COMMENT: Thought Leader - Prime-time product placement is thehottest issue in Hollywood ... and DC too

For years companies have sought to place their products on prime-time TV programs and in feature films. A few seconds of exposure on a popular drama or comedy series can be worth as much as $500,000, based on the cost of a 30-second commercial.

For years companies have sought to place their products on prime-time TV programs and in feature films. A few seconds of exposure on a popular drama or comedy series can be worth as much as $500,000, based on the cost of a 30-second commercial.

When actors drink Fiji Water on Friends, Will & Grace, and other shows, it's through product placement. There are two competitive publishers of legal books whose products have appeared on Ally McBeal, JAG, Philly, The Practice, and other series. Ford and Coca-Cola are even producing their own programs to insure exposure for their products.

Ford Motor Company products were placed by Showcase International in 26 of the top 27 shows that use cars, according to Richard Briggs, Showcase senior MD. The firm also placed T-Birds and Mustangs in Spider-Man. "We believe that thoughtful and seamless placement is appropriate for our client, otherwise the entertainment content begins to look like a commercial which can lead to viewer dissatisfaction and a potential turnoff to the brand,

says Briggs.

The degree of exposure varies by network. Each has its own regulations.

The FCC's standards and practices don't allow cash transactions for product placement because it would be considered paid advertising. Companies provide free products in exchange for a few seconds of exposure.

Now issues-oriented organizations involved with the environment, abortion, healthcare, foreign or domestic policy, and other sensitive and controversial issues should look to Hollywood. Prime-time dramas and comedies have become a new editorial forum where the producers, directors, writers, and actors advocate their own issues.

As PRWeek's feature ("When Bush lobbies Bartlett") outlined last week, screenwriters are taking current events and issues and dramatizing them into the plots on The West Wing, Law & Order, The Agency, and First Monday.

Jay Leno even took a Katie Couric interview that appeared on Today and edited it so he became the interviewer. The result was an altogether new version of what the interviewee actually said.

Because of this, it is becoming more difficult for the viewer to separate fact from fiction and remember whether the information came from the evening news, a TV magazine show or prime-time entertainment.

In fact, more people may be watching prime-time series than the evening news. According to Hank Rieger, former president of the Academy of Television Arts & Sciences, viewers of the evening news and magazine shows range from an average of 11 million to 16 million, depending on the network.

However, more than 17 million people on average watch The West Wing and Law & Order.

A West Wing storyline on global warming mirrored the Clinton-Gore environmental policy. Another episode touted the Clean Air Act and how it impacts asthma, breathing and lung diseases. But the EPA received negative publicity on The Practice for not protecting children from arsenic leeching from wooden playground equipment.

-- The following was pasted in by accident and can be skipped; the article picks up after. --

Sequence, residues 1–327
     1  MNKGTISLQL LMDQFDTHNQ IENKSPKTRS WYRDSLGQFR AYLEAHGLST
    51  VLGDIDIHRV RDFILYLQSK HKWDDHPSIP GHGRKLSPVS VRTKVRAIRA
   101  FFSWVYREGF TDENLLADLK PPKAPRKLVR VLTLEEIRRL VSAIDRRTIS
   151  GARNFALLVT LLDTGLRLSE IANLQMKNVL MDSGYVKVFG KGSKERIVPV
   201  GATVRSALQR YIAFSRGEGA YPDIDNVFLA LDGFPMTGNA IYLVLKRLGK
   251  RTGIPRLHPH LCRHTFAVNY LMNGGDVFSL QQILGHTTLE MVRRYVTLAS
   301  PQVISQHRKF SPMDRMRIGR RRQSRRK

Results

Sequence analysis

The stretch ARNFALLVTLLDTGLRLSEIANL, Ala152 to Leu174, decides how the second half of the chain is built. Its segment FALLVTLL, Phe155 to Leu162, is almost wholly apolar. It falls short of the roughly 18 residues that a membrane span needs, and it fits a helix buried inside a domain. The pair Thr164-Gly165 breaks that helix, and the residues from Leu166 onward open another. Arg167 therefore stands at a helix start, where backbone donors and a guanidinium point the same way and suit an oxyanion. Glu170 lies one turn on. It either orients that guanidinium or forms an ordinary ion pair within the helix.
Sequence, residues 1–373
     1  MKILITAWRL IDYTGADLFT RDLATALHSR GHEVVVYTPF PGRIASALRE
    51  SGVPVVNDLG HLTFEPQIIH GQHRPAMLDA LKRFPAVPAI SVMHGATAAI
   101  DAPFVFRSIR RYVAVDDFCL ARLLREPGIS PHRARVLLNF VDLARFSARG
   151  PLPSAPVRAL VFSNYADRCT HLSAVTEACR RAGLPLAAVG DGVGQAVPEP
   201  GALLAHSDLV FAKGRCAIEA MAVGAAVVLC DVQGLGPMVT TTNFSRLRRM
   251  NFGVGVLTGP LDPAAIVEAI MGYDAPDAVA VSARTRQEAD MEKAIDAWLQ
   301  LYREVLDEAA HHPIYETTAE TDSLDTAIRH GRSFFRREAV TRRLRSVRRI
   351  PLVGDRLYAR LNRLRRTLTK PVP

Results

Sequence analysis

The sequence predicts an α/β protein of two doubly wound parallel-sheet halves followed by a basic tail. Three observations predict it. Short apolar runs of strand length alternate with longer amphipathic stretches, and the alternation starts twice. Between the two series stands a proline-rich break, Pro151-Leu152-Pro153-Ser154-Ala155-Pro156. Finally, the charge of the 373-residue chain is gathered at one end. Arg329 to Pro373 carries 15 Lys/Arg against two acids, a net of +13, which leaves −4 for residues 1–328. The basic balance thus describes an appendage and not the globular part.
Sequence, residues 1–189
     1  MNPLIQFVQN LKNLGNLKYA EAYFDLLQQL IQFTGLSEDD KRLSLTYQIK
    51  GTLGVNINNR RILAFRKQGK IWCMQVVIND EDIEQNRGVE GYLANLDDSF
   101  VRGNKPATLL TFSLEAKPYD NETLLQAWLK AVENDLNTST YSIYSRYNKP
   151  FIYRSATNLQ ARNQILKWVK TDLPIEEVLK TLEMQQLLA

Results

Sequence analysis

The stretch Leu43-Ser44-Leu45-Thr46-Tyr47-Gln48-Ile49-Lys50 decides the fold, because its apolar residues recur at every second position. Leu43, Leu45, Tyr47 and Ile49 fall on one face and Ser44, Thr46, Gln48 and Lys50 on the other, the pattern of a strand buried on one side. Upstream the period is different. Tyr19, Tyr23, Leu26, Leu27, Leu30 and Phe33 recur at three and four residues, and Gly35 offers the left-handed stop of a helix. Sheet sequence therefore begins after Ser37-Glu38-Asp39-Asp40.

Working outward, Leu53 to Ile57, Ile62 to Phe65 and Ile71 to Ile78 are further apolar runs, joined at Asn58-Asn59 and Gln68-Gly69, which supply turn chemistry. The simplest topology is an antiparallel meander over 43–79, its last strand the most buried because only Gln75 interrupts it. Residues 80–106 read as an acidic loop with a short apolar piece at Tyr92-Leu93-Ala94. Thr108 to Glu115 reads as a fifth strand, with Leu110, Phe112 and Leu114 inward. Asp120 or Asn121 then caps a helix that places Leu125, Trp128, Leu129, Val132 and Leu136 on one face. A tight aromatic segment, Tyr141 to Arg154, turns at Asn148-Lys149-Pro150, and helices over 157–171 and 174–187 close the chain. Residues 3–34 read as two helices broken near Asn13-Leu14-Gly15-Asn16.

One of the first episodes of First Monday dealt with the pro-life, pro-choice Roe v. Wade controversy. Future shows will feature other sensitive subjects.

If questioned, would a viewer be more apt to recall the controversy regarding US military policy on female dress requirements in Saudi Arabia according to how it was reported on the news or magazine programs that featured Lt. Col. Martha McSally, or how the issue was dramatized on JAG?

Congressman Gary Condit's wife, Carolyn, demanded an apology from the producers of Law & Order following an episode about a politician and a missing aide. The producers said the show was fictional. She lost, as did her husband in his reelection bid.

The armed forces have long recognized the influence of TV and have staffed offices in the LA area to work with Hollywood to get the best possible exposure for their branch.

Knowing the power of television, White House advisor Mark McKinnon met with industry leaders after 9-11 and asked them to reflect President Bush's message of reassuring children and promoting tolerance in their scripts.

Feature films such as A Civil Action and Erin Brockovitch have a life long after running in theaters - in prime time, pay-for-view, and a multitude of cable television channels.

Overload, the only Arthur Hailey novel not made into a feature film or mini-series, also condemned a fictional public utility. It may even have had a similar impact, but a public utility acquired the rights to Overload - using a production company as a front - and promptly shelved the project.

Just as important as getting a product hundreds of thousands of dollars worth of exposure, organizations with critical issues must build Hollywood relationships for their special interests. What's next? Stories on religious misdeeds, airport security, oil drilling in Alaska, or price fixing at Sotheby's? Or stories similar to Enron and Andersen?

Rene A. Henry, Fellow PRSA, is an author, consultant, and member of the Academy of Television Arts & Sciences and Academy of Motion Picture Arts & Sciences. He has judged the prime-time Emmy Awards a dozen times.

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